Coexistence on the plateau: Tibetan pastoralists help study and conserve snow leopards in China

Coexistence on the plateau: Tibetan pastoralists help study and conserve snow leopards in China

Tibetan pastoralists and snow leopards have a long history of coexistence on the Tibet Plateau. Researchers recognize the essential role that pastoralists play in conserving China’s snow leopards and propose a global framework to involve local communities in conservation. 

Hacker, Charlotte E., Jan E. Janecka, Rodney M. Jackson, Diqiang Li, and Yuguang Zhang. “Pastoralism Partnerships: Recognizing the Value of Local Involvement in China’s Snow Leopard Conservation Efforts.” Sustainability 12, no. 16 (2020): 6491. 

As the highest and largest plateau on the earth, the Tibet Plateau is a world conservation hotspot. For millennia, the area has been home to livestock and over 800 wildlife species. The snow leopard, one of the many rare mammals on the plateau, is a keystone species. In other words, it defines and maintains the structure of the local ecosystem. Due to increasing threats such as climate change, habitat loss, and conflicts with humans, scientists are concerned with the precariousness of snow leopard populations. Snow leopard conservation needs cross-boundary strategies to mitigate these human-induced challenges. 


Local communities living on the Tibet Plateau are mostly Tibetan pastoralists who move seasonally to farm and practice Tibetan Buddhism. Tibetan Buddhists view humans as an integrative part of nature. Their belief in “the network of living entities” ties them closer to their environment. Tibetan pastoralists have lived in harmony with wildlife for thousands of years and have passed on local ecological knowledge from generation to generation. They provide essential but neglected perspectives in protecting snow leopards. 


In a recent study published in Sustainability, Hacker and her colleagues highlight the involvement of local communities in snow leopard conservation on the Tibet Plateau. The research team reviewed two collaborative research projects. The first studied the temporal changes in the diet of snow leopards. The second tested a new technology to prevent livestock predation. The Tibetans contributed to these projects with their cultural insights, language skills, and environmental knowledge. Most importantly, they also helped identify a mutual interest among the people, the government, and scientists in the two case studies: reducing snow leopard-livestock conflicts. The alignment of interests fostered collaborations and informed policymaking on conflict mitigations.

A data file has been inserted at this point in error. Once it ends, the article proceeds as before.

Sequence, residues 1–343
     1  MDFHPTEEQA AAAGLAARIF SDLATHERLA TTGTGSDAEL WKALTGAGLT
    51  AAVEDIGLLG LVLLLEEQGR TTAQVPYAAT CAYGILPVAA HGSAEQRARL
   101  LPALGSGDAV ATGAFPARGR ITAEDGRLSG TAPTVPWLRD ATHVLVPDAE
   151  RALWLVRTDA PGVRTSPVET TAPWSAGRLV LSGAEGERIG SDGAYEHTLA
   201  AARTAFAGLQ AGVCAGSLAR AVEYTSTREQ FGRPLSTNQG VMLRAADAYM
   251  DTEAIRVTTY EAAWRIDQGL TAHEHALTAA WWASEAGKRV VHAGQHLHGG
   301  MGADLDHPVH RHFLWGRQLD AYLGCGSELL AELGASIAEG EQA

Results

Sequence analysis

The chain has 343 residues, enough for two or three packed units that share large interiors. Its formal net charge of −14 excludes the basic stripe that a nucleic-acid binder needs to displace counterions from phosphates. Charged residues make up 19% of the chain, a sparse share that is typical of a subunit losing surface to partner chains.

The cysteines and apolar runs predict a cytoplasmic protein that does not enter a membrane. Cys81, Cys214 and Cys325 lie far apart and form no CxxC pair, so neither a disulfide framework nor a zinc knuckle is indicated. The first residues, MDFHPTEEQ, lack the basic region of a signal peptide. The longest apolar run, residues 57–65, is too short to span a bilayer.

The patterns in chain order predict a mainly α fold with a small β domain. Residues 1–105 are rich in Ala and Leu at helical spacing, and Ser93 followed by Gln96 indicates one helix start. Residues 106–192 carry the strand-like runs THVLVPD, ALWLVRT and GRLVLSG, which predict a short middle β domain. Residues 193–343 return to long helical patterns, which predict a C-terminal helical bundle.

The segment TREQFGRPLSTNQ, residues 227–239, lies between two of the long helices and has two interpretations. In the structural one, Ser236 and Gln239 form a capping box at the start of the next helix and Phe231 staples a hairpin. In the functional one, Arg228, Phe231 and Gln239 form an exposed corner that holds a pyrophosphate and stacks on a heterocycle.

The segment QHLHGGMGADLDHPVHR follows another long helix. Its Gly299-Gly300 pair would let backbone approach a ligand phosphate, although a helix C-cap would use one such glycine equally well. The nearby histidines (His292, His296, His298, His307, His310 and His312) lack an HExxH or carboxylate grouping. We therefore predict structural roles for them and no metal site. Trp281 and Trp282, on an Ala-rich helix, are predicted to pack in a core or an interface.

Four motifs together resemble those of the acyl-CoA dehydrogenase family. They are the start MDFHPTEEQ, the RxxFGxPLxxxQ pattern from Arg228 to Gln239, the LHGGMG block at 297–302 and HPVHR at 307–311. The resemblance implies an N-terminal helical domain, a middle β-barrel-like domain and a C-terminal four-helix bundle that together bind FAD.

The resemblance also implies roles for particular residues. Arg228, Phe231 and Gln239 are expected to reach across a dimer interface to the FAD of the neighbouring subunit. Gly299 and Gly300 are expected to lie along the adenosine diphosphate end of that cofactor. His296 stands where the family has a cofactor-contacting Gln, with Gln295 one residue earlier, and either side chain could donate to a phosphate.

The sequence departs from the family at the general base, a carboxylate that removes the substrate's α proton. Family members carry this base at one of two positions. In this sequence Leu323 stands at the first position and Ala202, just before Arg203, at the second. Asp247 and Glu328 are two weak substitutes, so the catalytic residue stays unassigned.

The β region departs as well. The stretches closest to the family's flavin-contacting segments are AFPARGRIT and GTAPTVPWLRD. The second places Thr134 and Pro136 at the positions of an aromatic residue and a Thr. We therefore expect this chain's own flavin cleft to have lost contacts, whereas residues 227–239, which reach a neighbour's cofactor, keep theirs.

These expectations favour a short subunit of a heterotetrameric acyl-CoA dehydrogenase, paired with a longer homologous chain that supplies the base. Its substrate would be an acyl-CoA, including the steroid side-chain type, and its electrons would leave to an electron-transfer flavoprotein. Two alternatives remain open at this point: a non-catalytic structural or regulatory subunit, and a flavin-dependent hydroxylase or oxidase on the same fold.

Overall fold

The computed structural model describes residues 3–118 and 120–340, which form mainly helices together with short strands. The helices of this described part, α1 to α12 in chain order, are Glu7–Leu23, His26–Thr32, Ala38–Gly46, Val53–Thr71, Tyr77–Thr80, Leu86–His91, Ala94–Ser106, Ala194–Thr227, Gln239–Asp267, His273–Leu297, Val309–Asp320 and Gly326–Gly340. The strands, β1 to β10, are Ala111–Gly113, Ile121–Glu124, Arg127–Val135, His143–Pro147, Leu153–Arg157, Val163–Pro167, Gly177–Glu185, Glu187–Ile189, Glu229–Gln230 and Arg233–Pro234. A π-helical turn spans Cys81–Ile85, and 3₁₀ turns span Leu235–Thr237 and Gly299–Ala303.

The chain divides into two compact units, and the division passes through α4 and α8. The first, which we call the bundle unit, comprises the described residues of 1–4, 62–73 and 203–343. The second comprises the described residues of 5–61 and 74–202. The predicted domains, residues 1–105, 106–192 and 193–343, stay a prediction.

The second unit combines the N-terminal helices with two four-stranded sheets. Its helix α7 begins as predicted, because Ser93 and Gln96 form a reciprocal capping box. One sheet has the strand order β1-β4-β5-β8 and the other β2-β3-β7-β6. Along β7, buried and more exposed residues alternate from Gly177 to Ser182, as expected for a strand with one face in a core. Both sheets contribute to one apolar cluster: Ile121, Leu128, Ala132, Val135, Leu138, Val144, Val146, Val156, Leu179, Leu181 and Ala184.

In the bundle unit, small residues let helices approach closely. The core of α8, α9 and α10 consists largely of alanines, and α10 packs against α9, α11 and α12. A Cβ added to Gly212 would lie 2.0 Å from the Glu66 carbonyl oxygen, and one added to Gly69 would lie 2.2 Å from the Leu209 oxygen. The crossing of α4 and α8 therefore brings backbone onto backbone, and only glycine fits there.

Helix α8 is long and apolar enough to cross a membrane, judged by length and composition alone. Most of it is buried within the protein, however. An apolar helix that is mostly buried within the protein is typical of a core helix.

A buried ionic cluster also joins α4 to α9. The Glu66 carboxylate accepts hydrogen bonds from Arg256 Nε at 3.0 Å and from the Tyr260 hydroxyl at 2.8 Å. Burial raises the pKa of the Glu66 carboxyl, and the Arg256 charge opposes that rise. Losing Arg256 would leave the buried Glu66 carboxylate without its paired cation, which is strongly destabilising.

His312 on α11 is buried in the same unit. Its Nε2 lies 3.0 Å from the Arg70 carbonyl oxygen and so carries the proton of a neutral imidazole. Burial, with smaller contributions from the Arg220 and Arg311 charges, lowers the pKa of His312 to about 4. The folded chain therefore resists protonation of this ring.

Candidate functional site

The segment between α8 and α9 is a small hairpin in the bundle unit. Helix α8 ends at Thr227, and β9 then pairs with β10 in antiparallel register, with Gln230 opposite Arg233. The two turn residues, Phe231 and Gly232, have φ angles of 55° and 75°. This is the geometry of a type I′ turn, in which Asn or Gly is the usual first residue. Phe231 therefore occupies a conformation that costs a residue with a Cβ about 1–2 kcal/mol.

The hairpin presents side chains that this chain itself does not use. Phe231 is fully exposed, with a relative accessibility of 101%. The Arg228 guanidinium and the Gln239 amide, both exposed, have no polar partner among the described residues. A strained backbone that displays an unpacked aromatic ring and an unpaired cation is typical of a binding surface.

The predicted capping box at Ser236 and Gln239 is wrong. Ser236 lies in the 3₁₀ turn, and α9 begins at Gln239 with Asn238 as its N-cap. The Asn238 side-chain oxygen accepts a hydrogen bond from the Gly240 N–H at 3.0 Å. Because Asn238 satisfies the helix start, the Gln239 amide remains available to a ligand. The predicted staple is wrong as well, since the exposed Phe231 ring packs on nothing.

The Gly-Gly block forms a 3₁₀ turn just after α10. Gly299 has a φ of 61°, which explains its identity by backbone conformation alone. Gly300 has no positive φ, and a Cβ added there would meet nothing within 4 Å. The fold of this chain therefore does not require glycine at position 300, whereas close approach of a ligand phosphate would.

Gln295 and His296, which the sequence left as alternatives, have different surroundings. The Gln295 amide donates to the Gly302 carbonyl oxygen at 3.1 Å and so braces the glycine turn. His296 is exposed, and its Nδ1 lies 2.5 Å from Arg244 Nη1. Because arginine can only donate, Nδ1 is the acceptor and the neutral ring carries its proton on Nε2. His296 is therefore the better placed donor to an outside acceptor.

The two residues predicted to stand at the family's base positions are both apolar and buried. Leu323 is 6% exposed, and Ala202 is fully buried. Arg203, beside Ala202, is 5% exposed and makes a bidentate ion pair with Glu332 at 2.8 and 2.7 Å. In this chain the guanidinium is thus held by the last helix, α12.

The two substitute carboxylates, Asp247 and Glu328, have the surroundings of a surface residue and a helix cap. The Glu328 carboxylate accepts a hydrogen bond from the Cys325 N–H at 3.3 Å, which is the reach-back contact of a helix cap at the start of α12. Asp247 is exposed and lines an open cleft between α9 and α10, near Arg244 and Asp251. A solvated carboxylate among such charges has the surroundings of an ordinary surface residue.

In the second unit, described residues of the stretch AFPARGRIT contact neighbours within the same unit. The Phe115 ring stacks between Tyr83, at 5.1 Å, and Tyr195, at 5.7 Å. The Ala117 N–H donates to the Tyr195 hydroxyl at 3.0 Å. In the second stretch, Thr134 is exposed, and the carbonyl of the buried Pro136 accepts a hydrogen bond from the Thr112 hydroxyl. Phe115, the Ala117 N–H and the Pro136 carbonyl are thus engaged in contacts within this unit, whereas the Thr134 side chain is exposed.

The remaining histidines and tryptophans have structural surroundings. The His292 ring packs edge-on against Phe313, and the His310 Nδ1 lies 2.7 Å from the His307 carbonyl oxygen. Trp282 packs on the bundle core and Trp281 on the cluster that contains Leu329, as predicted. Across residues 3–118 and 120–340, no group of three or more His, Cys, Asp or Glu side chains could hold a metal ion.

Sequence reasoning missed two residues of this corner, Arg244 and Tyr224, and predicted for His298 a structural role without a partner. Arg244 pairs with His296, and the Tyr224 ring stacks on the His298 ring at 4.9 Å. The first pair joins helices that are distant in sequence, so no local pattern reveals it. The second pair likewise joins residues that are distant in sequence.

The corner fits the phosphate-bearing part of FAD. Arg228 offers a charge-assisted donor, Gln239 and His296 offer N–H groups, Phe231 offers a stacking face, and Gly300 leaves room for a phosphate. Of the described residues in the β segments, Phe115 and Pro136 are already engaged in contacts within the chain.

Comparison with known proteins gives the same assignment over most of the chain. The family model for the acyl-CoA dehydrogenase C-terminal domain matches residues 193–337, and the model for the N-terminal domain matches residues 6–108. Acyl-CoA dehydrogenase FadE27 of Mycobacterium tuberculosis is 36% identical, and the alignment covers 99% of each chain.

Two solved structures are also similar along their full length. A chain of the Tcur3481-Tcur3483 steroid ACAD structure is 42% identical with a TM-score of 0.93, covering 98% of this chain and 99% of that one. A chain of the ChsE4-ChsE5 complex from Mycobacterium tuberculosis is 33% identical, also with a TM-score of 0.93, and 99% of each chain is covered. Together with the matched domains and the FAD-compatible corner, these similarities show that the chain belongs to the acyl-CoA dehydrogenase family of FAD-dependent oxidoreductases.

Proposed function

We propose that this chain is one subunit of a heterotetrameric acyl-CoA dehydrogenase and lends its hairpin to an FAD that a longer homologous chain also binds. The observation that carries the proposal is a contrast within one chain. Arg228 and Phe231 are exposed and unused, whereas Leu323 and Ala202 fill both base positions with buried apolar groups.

Building on these case studies, the authors proposed a broader framework that includes three steps to engage local people in conservation. First, scientists should build dialogue with communities to find goals that will both benefit endangered species conservation and address local livelihood concerns. Second, scientists should invite local people who are familiar with the region to help define the scope of the study. For example, learning from local ecological knowledge can inform study methods. Finally, scientists should offer local people various roles in executing the study. Involving local people provides valuable social and cultural context for the research. 


Using this framework will lead to positive ecological and social outcomes in many field research contexts. With local support, scientists can implement more feasible projects to save endangered species populations and their habitats. Local communities will have fewer human-wildlife conflicts, earn additional income, and build more social capacity. In this way, scientists and local people can create a long-lasting trust that promotes cultural and intellectual communication, integration, and preservation. 


Hacker’s recognition of the essential role of the Tibetan pastoralists in snow leopard conservation sets her study apart from others in the field. And with local support, the snow leopard populations on the Tibet Plateau have begun to recover. Their success is one example of how cooperation between scientists and local people can be applied as a framework for more effective, inclusive, and sustainable conservation science and practices around the world. 

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